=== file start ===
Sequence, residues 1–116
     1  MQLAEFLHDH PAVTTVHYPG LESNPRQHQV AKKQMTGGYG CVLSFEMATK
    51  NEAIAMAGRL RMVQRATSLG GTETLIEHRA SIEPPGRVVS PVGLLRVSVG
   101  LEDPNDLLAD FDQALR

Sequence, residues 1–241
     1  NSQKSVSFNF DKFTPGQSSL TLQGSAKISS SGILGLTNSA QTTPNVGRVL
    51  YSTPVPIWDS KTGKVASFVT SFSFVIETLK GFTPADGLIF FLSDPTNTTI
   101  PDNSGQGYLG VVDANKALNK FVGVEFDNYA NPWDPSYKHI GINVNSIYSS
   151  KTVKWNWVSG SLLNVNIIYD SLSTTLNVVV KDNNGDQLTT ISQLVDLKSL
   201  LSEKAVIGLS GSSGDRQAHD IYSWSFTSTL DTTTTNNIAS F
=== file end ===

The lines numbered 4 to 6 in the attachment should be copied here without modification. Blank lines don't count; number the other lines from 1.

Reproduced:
   101  LEDPNDLLAD FDQALR

Sequence, residues 1–241
     1  NSQKSVSFNF DKFTPGQSSL TLQGSAKISS SGILGLTNSA QTTPNVGRVL